FlyPrivate: We’ve been hearing that “multitasking” is a myth and we should stop trying to do multiple things at once. But I recall you saying that being good at multitasking was vital to your success as an
executive assistant. Can you clarify? 

Jan Jones: Yes, I did say that and I fully believe that multitasking – as it pertains to the role of the executive assistant – is a fine art that many executive assistants have perfected. But I should make the
distinction about what I mean regarding “multitasking” as it pertains to the executive assistant, as opposed to executives and others.

We now have scientific evidence that multitasking is impossible for our brains and that, in fact, when we think we are multitasking what’s happening is that our brains are almost instantaneously switching back and forth from one task to another. It happens so fast that we think we are doing more than one thing at a time. This is easy to prove. Try giving your full attention to reading an email at the same time you are trying to pay complete attention to a phone call you are having. You will soon become aware that both tasks are suffering and you have to stop doing one of them.

So when I say that being good at multitasking was vital to my success as an EA, it comes down to that ability to switch back and forth
between tasks at a remarkably rapid pace, and then quickly
regaining laser focus. It takes discipline and practice and is not something everyone can do effectively. But for me, and some
assistants I’ve observed, it seems to be less arduous. My opinion is that because of the demands of the EA role, assistants are
constantly multitasking and as a result have mastered the ability to switch from task to task very quickly, along with the ability to regain focus. Obviously, some are better at it than others. The key is not to multitask with projects that require 100% of your concentration. That will result in you making mistakes, doing the job poorly and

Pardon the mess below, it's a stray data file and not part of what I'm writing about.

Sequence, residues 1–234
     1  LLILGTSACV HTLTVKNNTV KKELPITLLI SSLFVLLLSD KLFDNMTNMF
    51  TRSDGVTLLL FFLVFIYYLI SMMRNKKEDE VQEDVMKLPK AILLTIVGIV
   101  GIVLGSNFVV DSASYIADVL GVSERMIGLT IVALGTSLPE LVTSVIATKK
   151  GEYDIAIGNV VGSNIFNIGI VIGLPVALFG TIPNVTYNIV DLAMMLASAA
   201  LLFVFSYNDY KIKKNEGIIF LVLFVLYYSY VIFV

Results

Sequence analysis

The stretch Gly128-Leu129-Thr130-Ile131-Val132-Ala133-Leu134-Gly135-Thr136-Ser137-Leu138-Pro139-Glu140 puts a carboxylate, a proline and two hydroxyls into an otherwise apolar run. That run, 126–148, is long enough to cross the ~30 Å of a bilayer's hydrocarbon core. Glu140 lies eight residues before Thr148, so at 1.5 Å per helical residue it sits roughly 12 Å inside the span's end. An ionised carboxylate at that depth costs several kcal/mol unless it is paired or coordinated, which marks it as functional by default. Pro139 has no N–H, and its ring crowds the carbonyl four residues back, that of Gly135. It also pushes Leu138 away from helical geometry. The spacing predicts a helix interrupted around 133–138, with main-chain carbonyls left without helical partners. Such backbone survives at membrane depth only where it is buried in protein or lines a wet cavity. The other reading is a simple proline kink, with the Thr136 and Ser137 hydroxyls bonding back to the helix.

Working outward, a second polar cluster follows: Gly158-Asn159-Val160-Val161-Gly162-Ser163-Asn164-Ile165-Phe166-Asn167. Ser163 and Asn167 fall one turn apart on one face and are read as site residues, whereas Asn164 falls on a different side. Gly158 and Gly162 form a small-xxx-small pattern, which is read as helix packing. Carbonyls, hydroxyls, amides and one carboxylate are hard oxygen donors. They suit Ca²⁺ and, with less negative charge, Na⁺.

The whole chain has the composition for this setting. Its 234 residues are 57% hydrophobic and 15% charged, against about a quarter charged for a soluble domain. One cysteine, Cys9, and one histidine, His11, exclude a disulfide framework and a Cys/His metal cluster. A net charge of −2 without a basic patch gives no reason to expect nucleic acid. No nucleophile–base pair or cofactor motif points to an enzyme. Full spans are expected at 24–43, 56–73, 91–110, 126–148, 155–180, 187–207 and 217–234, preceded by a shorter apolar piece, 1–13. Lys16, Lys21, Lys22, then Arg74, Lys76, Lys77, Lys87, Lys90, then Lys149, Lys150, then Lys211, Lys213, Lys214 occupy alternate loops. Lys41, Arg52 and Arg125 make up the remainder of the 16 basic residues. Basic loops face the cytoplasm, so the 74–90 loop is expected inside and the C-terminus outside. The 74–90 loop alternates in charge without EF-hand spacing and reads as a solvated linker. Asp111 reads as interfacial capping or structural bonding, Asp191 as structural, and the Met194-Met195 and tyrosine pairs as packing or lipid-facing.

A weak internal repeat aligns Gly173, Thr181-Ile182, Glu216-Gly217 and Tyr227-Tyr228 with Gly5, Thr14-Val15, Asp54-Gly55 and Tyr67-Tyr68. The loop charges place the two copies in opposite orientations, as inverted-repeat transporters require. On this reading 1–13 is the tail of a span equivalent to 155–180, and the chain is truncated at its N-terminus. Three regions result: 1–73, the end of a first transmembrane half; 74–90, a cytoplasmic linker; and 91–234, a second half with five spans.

taking longer to do it. It helps to batch similar tasks so that it’s easier to switch back and forth, but realistically, EAs don’t always have that option when requests are piling up, so you end up devising your own system and style of working in order to get it all handled.

I think another part to the talent of multitasking as demonstrated by assistants is revealed in an article published in Scientific American in April 2010. The article says that the brain can keep tabs on two tasks at once, even though we can’t actually do two tasks at once. I think this ability to keep tabs on two tasks at once is crucial to EAs being successful in their job. I liken it to sleeping with one eye open. You’ve always got your eye on all those balls you are juggling, to make sure nothing gets dropped. Nothing escapes your attention. This is a
desirable talent and one that is highly developed in goal-oriented executive assistants.

The world of the EA is one of constant interruptions, and if you
support more than one executive, that’s even more applicable to you. But that’s the nature of our job. We don’t have the luxury of
taking ourselves off to some quiet corner where we can focus on one thing at a time, as the experts are constantly advising executives to do. Assistants have to operate in the thick of it all day and everyday, so we must get better and better at recovering our focus as our brains rapidly switch back and forth between tasks. I don’t know of any scientific evidence to back up my assertion, but I know from
personal experience that I’m quickly able to adjust back and forth. I’m sure other assistants have this capability as well, and I’d be
interested to hear from them about it.

Multitasking can be tiring and one clue to help reduce the stress it causes is to give your brain a re-set if you’ve been doing a lot of
multitasking. Take a break, or focus on one task only. I know this sounds like wishful thinking to assistants, particularly with the
current Covid lockdown, which is forcing assistants to multitask business and homelife demands. So you must allow your brain even a brief rest. Reduced stress allows your immune system to function better. I was just reading a conversation between a medical working group that includes surgeons and neuroscientists. This comment caught my eye. “Threats fire up the immune system. ‘Threats’ are all sorts of stuff. Viruses, bacteria, a bully, a difficult boss, your thoughts and repressed emotions. Thoughts and emotions are processed in the brain the same way as a physical threat. Anxiety also fires up the immune system.” So, please take a break and calm your nervous system.

Another clue to successful multitasking is to have a priority list. It will help you to meet your objectives. Sometimes, the most
important task may require the highest amount of concentration and time for completion. Knowing this, you can quickly knock off a bunch of lesser items that don’t require a lot of time or